the two with fingers pointing backward who have just brought the
memorable tidings, "They run! They run!"

"Who run?" asks Wolfe, for when he had fallen the issues of the fight
were still undecided. "The French, sir. They give way everywhere."
"Thank God! I die in peace," replied the English hero. At a time when
the momentous results of this battle had set the whole of Great
Britain afire with enthusiasm it is easy to understand the popularity
of a picture such as this. It was sold in 1791 for œ28, and now
belongs to the Duke of Westminster. There is a replica of it in the
Queen's drawing-room at Hampton Court.

Another famous historical picture by West is "The Battle of La Hogue."


About, Edmund
Academia, Florence
Academy, French
Royal, London,
"Acis and Galatea"
Adoration of the Magi
"Adoration of the Shepherds"
"After a Summer Shower"
Albert, King
"Alessandro del Borro"
Alexander VI.
Alice, Princess
Allegri, Antonio. _See_ Correggi
Allegri, Pompino
"Ambassadors, The"
"American Mustangs"
"Anatomy Lesson, The"
Andrea del Sarto
Angelo, Michael
"Angels' Heads"
"Angelas, The"
Anguisciola, Sofonisba
Anne of Cleves
Anne of Saxony
Annunciata, cloister of the
"Annunciation, The"
"Ansidei Madonna, The"
Apollo Belvedere
Apostles, the Four
Apostles' Heads
Arena Chapel
Arrivabene Chapel
"Artist's Two Sons, The"
"Arundel Castle and Mill"
"Assumption of the Virgin"
"At the Well"
Augusta, Princess
"Avenue, Middelharnis, Holland"
"Awakened Conscience, The"

"Bacchus and Ariadne"
"Banquet in Levi's House"
"Baptism of Christ, The"
Barry, James
Bartoli d'Angiolini
Bartolommeo, Fra
"Battle of La Hogue"
Beaumont, Sir George
Beaux-Arts, l'Ecole des
Bellini, Gentile
Bellini, Giovanni
Bembo, Cardinal
"Bent Tree"
Bentivoglio, Cardinal
Berck, Derich
Berensen, Bernard
Bergholt, East
"Berkshire Hills"
Bicknell, Maria
Bigio, Francia
Bigordi. _See_ Ghirlandajo
"Birth of the Virgin"
(Andrea del Sarto)
"Birth of Venus"
Blanc, Charles
"Blessed Herman Joseph, The"
"Bligh Shore"
"Blue Boy, The"
B”cklin, Arnold
Boleyn, Anne
Bolton, Mrs. Sarah K.
Bonheur, Marie-Rosea
Bonheur, Raymond B.
Bordone. _See_ Giotto
Borghese Palace
Borgia family
Borgia, Lucretia
Bouguereau, William Adolphe
"Boy at the Stile, The"
Brancacci Chapel
Brant, Isabella
Breton, Jules
Brice, J. B.
Buckingham, Duke of
Buonarroti. _See_ Angelo Michael
Burgundy, Duchess of
Burke, Edmund
Burne-Jones, Sir Edward
Burr, Margaret

Cagliari, Benedetto
Cagliari, Carletto
Cagliari, Gabriele
Cagliari, Paolo. _See_ Veronese
Cambridge, University of
"Camels at Rest"
Campana, Pedro
Campanile, Florence
"Capture of Samson"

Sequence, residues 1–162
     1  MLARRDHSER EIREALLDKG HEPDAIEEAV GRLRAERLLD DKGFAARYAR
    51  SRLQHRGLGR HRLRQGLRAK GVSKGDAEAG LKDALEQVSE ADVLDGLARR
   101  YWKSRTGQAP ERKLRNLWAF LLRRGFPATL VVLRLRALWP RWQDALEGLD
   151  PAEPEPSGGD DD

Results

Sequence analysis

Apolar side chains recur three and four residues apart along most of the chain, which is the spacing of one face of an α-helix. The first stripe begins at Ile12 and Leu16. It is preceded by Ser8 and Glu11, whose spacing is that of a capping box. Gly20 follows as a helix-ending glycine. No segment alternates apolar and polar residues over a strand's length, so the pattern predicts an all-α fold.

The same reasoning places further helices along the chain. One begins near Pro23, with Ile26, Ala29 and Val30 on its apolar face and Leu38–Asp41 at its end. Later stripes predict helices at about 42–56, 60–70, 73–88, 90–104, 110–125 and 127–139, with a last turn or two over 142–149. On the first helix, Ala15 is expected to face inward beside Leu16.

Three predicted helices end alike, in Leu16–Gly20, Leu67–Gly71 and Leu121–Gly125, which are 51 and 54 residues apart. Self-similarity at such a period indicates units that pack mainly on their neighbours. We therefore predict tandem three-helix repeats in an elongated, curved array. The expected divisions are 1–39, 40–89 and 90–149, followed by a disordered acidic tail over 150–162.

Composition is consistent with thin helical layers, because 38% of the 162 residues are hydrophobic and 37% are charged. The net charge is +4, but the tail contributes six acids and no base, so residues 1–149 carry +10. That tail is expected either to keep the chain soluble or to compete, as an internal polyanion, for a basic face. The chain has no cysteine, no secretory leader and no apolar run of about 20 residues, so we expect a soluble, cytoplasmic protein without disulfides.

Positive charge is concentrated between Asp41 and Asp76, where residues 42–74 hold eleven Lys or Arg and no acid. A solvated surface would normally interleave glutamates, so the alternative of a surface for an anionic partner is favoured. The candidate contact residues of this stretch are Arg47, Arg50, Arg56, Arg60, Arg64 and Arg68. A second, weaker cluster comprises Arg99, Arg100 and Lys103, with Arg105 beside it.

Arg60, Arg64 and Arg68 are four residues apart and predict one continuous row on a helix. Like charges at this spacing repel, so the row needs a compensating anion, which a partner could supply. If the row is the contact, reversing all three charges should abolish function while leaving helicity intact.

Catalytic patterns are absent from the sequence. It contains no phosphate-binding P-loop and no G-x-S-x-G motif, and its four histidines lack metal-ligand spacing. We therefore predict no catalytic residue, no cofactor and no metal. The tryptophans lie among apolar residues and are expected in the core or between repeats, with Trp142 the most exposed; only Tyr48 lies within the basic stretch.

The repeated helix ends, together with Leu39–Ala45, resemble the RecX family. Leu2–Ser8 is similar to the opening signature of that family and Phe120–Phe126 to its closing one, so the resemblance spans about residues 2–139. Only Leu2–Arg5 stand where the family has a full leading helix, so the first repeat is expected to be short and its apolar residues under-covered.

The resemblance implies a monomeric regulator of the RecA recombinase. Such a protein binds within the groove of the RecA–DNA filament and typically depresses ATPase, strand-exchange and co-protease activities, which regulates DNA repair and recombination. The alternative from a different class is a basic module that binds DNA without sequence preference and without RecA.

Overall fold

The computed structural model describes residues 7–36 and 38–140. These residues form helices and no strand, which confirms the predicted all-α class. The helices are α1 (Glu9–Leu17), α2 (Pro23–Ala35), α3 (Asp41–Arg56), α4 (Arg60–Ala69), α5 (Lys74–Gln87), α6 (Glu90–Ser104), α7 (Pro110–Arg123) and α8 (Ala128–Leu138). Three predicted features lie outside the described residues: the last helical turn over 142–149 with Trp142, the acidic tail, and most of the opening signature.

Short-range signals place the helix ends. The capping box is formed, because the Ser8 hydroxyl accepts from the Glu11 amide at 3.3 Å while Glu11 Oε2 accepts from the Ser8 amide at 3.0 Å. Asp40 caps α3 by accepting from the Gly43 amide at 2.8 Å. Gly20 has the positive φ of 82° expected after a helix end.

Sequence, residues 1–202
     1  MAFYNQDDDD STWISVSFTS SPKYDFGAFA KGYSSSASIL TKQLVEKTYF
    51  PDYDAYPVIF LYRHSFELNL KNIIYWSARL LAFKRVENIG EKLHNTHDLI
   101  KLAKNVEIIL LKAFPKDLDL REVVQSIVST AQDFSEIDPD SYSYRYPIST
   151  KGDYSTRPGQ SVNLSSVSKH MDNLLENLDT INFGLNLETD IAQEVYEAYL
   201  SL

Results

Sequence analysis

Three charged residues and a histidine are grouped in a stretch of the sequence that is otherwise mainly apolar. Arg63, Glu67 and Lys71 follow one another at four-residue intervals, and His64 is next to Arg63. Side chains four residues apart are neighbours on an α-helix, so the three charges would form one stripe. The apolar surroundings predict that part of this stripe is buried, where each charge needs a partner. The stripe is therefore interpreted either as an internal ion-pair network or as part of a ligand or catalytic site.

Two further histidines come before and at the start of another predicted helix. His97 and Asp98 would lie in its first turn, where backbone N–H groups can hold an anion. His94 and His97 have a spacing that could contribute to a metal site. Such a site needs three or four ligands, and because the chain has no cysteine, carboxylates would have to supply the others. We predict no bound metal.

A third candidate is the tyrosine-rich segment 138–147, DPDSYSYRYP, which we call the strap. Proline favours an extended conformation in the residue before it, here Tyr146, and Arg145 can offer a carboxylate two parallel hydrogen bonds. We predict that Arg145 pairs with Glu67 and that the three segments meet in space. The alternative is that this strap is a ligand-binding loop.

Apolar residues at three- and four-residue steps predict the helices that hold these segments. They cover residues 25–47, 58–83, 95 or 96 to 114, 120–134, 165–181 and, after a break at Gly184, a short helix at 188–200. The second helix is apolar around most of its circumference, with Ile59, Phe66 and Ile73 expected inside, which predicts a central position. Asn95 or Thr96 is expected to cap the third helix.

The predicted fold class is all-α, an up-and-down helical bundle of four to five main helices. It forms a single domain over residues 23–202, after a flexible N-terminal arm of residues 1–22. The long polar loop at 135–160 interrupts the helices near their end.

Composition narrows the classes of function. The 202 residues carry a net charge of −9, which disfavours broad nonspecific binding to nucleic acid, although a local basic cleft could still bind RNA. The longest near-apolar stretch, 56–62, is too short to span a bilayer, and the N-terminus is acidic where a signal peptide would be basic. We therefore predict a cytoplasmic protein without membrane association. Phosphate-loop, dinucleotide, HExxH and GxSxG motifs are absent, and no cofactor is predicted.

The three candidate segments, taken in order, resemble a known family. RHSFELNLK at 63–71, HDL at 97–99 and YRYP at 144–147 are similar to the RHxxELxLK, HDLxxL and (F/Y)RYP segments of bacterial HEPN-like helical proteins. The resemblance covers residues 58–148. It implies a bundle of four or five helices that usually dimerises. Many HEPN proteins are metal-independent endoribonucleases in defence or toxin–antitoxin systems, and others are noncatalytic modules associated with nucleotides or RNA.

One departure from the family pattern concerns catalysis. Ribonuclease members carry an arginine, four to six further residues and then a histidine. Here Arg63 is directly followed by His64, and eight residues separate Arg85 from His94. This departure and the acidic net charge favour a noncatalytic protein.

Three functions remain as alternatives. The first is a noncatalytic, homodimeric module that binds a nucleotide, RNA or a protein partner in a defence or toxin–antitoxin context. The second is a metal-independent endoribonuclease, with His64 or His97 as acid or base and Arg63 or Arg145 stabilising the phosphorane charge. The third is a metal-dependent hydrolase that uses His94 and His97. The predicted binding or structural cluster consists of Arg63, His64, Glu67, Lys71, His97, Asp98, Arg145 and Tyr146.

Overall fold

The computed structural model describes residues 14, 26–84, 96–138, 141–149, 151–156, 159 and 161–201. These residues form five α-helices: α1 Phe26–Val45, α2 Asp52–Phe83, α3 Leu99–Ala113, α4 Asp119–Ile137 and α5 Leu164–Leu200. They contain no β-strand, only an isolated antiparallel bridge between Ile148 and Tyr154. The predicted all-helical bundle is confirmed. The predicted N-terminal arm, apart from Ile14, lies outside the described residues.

Capuchin Church
Capuchin Convent
Carlos, Don
Carmine, Church of the
Castillo, Juan del
Cecelia, wife of Titian
Centennial Exhibition
Chamberlain, Arthur
"Chant d'Amour"
Chantry, Sir Francis
Charles, I.
Charles V.
Charles X.
"Chess Players, The"
"Children of Charles I."
"Christ Healing the Sick"
"Christ in the Temple"
"Christina of Denmark"
Cibber, Theophilus
"Cleopatra Landing at Tarsus"
"Cock Fight"
Cogniet, L‚on
Constable, John
Copley, John Singleton
Copper Plate Magazine
Cornelia, Rembrandt's daughter
Cornelissen, Cornelis
"Coronation of Marie de Medicis"
"Coronation of the Virgin"
Corot, Jean Baptiste Camille
Cosimo, Piero di
"Cottage, The"
"Countess Folkstone"
"Countess of Spencer"
Coventry, Countess of
"Creation of Man, The"
"Creation of the World, The"
"Crucifixion, The"

Dandie Dinmont
"Daphnis and Chloe"
"Dead Christ, The"
"Dead Mallard"
"Death of Ananias, The"
"Death of Wolfe, The"
"Dedham Mill"
"Dedham Vale"
"Deluge, The"
"Descent from the Cross, The"
De Witt
"Dice Players, The"
Dickens, Charles
Digby, Kenelm
"Dignity and Impudence"
"Divine Comedy"
Dolce, Ludovico
"Don Quixote"
Dor‚, Paul Gustave
"Duchess of Devonshire and Her Daughter, The"
"Duel After the Masked Ball"
Dunthorne, John
Durand, Carolus
Drer, Albrecht

"Ecce Homo"
"Education of Mary, The"
Edward, King
Egyptian art
Elizabeth, Cousin of the Virgin
Elizabeth, Princess
"Embarkation for the Island of Cythera"
"Emperor at Solferino, The"
Engravers and engraving
"Entombment, The"
"Equestrian Portrait of Don Balthasar Carlos"
Errard, Charles
Escorial, the
Est‚ban, Bartolom‚. See Murillo
Est‚ban, Gaspar
Est‚ban, Therese
Etchers and etching
"Europa and the Bull"
"Eve of St. Agnes, The"

Fallen, Ambrose
"Fall of Man, The"
"Fantasy of Morocco"
Fawkes, Hawksworth
"Feast in the House of Simon"
"Feast of Ahasuerus"
"Ferdinand of Austria"
Ferdinand III., Grand Duke
Ferrara, Duke of
"Fˆte Champˆtre"
"Fighting T‚m‚raire, The"
Filipepi, Mariano
"Finding of Christ in the Temple, The"
"Flamborough, Miss"
"Flatford Mill on the River Stour"
"Foal of an Ass, The"
Fondato de' Tedeschi
"Fool, The"
"Fornarina, The"
Fortuny, Mariano
Fourment family
Fourment, Helena
"Four Saints"
Francis I.
Frari, monks of the
Frey, Agnes

Gainsborough, Mary
Gainsborough, Thomas
Gallery, Berlin
Hague, The
Hermitage, The
Lichtenstein, Vienna
National, Edinburgh
National, London
Old Pinakothek, Munich